RACINE — One day a year, it’s OK for a section of North Beach to be covered in explosives: the Fourth of July.
Two box trucks full of fireworks and equipment are needed for Racine’s 45-minute display, orchestrated by Melrose Pyrotechnics. Ed Haase has been in charge of Racine’s show for 13 years, but he has been launching fireworks professionally for about 25.
That experience, Haase said, plays into why he’s never experienced a major accident.
The first stacks were set up on Tuesday evening, but they weren’t loaded with explosives until the following afternoon, hours before the show began. The stacks, comprised of plastic launching tubes and wooden racks, were set up on a reef breaker along the Racine Yacht Club and on the south end of North Beach, hundreds of feet away from the nearest bystanders.
“They all have to be nailed together, front and back,” Haase explained, “because they’re going to rock ‘n’ roll a little bit as the shells are going off.”
The eight-man crew returned at 6 a.m. the next morning. The next several hours were spent connecting wires back to the control board from which Haase and 35-year-old Adam Novak of West Allis control the show.
“There’s an electrical current that goes from the panel as soon as we flip the switch that leads through the cables that ignites what we call an ‘e-match,’ an electronic match, that ignites the shell and sends it up in the air,” Novak said.
You have free articles remaining.
After everything is wired, Novak and Haase practice their cues for a couple hours to make sure every switch is flipped at the right moment.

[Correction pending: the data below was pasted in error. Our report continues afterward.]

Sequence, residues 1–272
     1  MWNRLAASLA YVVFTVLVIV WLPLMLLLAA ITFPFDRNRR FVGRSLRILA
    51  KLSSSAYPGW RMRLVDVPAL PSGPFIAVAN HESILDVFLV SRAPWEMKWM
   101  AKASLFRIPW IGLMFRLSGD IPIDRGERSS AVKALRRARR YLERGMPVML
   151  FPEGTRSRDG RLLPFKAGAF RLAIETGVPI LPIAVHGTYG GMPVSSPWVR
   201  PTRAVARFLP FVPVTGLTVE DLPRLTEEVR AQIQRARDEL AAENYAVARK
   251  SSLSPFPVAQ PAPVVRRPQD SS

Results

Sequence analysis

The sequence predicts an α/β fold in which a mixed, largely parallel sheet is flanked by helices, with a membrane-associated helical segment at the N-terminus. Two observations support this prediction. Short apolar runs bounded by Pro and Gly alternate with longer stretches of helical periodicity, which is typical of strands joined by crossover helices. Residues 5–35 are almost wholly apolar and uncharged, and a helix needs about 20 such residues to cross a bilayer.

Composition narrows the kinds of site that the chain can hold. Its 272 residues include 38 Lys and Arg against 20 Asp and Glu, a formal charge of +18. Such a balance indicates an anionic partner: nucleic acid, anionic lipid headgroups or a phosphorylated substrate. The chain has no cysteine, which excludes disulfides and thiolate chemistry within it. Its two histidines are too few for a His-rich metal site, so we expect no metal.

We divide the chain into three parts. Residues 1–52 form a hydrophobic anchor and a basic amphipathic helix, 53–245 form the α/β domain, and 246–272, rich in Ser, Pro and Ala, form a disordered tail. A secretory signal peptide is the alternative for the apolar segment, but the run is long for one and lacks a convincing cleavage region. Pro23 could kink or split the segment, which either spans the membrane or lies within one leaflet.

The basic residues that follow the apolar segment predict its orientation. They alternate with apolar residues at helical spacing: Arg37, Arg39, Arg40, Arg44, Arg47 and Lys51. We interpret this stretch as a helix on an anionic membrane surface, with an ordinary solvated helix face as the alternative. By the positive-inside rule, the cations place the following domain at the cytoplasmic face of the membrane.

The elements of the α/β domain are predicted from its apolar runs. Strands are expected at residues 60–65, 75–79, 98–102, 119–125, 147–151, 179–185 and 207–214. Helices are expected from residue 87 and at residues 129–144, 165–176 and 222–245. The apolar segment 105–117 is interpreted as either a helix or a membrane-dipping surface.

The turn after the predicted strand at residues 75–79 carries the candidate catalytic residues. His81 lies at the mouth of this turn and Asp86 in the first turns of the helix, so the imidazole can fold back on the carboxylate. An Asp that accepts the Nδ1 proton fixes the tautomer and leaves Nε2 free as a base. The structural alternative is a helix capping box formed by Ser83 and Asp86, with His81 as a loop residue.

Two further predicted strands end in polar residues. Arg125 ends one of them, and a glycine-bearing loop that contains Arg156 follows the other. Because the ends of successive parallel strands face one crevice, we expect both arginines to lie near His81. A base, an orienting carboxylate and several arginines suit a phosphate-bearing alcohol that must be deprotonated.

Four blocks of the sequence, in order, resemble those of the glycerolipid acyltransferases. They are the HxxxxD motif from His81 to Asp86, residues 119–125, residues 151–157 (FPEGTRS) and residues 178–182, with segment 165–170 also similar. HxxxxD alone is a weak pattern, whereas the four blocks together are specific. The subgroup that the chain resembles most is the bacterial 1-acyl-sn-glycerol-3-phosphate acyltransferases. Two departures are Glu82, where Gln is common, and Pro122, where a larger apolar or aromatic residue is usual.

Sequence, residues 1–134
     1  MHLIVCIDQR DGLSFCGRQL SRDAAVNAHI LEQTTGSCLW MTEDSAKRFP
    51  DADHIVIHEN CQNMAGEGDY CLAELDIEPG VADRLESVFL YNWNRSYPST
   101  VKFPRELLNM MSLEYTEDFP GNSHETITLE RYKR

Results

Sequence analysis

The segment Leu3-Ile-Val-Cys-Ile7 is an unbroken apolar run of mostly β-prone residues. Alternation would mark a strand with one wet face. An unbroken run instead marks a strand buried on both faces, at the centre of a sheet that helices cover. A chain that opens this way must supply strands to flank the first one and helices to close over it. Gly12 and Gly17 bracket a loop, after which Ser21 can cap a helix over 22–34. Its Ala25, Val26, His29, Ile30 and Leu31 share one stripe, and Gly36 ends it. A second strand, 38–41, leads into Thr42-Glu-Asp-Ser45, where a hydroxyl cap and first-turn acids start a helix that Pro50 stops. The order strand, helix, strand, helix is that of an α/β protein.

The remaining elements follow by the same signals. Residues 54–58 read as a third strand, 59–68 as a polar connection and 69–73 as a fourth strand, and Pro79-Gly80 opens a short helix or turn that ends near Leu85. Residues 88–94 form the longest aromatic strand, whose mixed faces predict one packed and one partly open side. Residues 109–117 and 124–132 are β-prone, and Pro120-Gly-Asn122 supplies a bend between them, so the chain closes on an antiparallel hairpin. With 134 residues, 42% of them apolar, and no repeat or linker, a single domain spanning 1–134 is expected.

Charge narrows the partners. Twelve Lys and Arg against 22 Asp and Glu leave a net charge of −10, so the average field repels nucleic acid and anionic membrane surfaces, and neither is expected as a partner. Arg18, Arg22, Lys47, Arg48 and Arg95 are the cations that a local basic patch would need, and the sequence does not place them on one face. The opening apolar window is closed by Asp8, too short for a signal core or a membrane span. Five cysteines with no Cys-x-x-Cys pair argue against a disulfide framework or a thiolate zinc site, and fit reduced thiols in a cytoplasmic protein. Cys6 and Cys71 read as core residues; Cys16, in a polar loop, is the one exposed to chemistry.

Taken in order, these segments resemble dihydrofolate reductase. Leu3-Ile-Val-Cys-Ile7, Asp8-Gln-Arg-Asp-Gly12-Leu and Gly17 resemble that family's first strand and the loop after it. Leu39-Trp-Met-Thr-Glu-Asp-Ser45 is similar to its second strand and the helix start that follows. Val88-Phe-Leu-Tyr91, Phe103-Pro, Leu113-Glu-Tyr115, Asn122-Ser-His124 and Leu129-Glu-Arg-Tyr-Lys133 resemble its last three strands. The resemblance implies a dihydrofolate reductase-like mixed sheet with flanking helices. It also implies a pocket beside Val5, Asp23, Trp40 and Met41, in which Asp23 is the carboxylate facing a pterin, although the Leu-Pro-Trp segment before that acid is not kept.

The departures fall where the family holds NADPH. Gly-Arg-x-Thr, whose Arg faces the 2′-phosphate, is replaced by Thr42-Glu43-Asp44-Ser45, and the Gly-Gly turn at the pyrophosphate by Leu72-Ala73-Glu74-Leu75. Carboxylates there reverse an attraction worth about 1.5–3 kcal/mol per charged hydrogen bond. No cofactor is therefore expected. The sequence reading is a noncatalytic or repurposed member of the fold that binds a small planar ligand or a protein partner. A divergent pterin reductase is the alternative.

“We never want to have any dead air,” Haase said.
Although every firework launches the same way — a switch being flipped — they have different personalities once airborne. Some are simpler, like the salutes that make a loud bang. Others are more complex, like the multi-blast Roman candles.
“Instead of one shot per tube, you get like six of them,” Casey Metz, another part-timer, said.
“The biggest thing is following the schematics so that the show goes off like it was designed to do,” Novak added.
Several members of the Melrose crew complimented how they are treated by the City of Racine, the police department and Fourth Fest. They receive some complimentary food, two Bobcat carts to transport materials and assistance in keeping the area clear of pedestrians. Anything that saves them time during the day is appreciated, because some of them don’t get home until after 3 a.m. on Thursday.
Haase, who is from South Milwaukee and works as an engineer, started working as a fireworks technician while in college, back when there were fewer precautions and technologies keeping technicians safe. Nowadays, the electrical cues and required safe distances protect employees and awestruck viewers alike.
“There’s no more hand fires, there’s no flares, none of that stuff anymore,” Haase said, “which doesn’t make it quite as fun, but it’s still pretty cool.”